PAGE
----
A New Personal Best Smallmouth Bass

by | Aug 23, 2022 | fly fishing for smallmouth bass | 5 comments

Matt-NortonThe man who helped Granny and I with this move to Wisconsin more than anyone was my old Northland College roommate Matt (Howie) Norton.  In the process Howie and I talked often about how much fishing we’d be doing once I got here.  But since officially moving here on May 9th, we have fished together exactly two days.  Two!


The fact is, dudes in their 50’s are busy.  Between Moms 80th in NH, the CA speaking gig and the World’s in Italy, I haven’t been around much.  Toss in the work on our house – its amazing I’ve been fishing at all.  Howie’s been busy with his family much of the summer too so bottom line, we just haven’t been able to get together.  Last night Granny and I drove up to Iron River to Howie and Sues and today Howie took me out on his boat to Chequamegon bay on Lake Superior.


Lake-SuperiorThe forecast was for calm and sunny with temps reaching 77°.  I’m not big on lake fishing in calm conditions because fish are often spookier than ever, but on Lake Superior, if Mother Nature offers you glassy conditions you take it!  I will say however, the cloud formations as we headed out seemed slightly ominous, but they would dissipate in the first hour.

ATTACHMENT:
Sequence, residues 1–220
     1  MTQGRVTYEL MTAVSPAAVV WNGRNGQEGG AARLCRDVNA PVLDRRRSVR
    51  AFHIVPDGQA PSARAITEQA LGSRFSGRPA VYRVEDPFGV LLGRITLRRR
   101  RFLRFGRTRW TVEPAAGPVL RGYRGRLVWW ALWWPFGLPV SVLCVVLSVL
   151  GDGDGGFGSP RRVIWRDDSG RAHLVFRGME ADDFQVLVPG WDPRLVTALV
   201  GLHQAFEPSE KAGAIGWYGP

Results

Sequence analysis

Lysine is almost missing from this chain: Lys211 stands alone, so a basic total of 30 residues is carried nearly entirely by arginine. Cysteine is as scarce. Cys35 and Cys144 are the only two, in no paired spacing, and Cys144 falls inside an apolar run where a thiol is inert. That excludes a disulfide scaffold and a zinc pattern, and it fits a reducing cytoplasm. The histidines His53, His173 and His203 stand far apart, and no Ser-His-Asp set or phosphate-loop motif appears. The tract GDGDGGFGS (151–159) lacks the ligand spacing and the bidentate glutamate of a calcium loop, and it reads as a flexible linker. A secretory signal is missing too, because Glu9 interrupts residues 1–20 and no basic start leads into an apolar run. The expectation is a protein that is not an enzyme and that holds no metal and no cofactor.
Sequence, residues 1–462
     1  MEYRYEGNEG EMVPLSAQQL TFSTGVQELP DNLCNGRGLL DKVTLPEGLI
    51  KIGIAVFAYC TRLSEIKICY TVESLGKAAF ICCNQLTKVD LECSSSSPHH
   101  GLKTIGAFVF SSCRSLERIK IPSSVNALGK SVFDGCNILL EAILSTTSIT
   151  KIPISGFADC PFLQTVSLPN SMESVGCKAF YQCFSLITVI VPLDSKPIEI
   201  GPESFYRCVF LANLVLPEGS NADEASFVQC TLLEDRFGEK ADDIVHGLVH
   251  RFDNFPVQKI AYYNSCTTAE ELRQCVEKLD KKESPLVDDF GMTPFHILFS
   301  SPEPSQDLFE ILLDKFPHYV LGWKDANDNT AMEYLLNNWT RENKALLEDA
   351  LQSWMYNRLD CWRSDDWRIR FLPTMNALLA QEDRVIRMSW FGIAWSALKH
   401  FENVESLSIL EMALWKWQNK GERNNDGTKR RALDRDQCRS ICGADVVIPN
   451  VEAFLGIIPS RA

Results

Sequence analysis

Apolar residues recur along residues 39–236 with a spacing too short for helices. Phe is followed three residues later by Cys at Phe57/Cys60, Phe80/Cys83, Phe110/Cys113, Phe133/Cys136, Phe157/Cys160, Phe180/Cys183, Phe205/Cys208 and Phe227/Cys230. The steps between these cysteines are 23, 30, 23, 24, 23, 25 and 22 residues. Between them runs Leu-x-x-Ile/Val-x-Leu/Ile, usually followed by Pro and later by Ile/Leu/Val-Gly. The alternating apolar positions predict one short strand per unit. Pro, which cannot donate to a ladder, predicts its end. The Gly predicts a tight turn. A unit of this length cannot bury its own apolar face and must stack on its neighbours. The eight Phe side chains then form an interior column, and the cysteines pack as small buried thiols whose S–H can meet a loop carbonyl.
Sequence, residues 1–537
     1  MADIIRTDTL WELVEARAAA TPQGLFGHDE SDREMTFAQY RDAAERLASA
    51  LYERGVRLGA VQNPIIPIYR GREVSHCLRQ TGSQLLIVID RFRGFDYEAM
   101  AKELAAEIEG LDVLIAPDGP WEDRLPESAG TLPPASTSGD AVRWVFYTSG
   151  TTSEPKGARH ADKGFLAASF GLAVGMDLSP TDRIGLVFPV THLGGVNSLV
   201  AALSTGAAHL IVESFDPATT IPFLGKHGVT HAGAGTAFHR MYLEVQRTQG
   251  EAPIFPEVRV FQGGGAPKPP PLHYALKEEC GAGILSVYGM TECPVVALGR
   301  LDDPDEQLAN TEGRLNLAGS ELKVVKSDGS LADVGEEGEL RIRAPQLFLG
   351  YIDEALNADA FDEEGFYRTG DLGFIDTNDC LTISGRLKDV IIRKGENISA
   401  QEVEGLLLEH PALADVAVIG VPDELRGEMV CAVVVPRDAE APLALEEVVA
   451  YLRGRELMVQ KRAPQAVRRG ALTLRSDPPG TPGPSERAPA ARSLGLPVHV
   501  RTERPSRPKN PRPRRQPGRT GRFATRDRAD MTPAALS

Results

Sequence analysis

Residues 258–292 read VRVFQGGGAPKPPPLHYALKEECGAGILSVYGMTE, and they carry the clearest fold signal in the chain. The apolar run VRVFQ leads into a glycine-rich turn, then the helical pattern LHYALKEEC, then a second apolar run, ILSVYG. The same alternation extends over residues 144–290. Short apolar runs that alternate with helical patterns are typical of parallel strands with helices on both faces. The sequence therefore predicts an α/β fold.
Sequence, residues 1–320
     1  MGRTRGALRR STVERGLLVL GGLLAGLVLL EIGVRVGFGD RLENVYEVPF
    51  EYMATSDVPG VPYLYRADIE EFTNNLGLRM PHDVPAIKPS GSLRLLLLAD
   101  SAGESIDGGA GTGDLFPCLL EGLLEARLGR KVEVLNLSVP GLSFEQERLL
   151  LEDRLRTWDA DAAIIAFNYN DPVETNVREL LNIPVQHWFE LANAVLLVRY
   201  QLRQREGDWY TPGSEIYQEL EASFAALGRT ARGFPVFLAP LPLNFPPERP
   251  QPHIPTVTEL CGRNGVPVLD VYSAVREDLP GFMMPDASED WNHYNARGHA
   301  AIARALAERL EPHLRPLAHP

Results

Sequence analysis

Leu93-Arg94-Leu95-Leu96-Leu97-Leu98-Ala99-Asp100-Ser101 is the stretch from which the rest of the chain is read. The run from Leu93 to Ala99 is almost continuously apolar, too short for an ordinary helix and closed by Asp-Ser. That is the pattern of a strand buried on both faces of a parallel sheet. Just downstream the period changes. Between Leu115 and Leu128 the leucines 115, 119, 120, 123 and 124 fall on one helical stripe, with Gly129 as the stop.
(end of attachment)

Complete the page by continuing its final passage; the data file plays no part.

Jeff-Currier-fly-fishingWith an entire day for the taking, Howie had several stops around Chequamegon Bay in mind.  First stop was to catch and harvest a few lake whitefish for dinner.  Howie was concerned whether or not I’d be on board for the plan.  Not because we were going to whack a couple, I was all about that, but because the whitefish live on bottom and the school was lingering at 51 feet deep.  He was equipped to jig deep with the spin rod but worried about me and the fly.  I said no problem and used my SA Sonar Titan Int/Sink3/Sink5 with a heavily weighted white marabou fly on the point and a flashy gold Kreelex for a dropper.


lake-whitefishThere were at least five boats over the whitefish school.  All were dialed in with sonar, however, very few fish were being caught.  But Howie dropped down to bottom and on his third jig he was into a beauty.


Lake-Superior-herringAs you know by now, I’m stubborn and almost never pick up the spin rod no matter what.  Despite Howie continuing to get action, today would be no different.  Howie caught one more whitefish along with this similar and same family member, a Lake Superior herring (Coregonus artedi), also known as the northern cisco.  This is a huge one by the way.  The herring would have been a new species for my list had I caught him.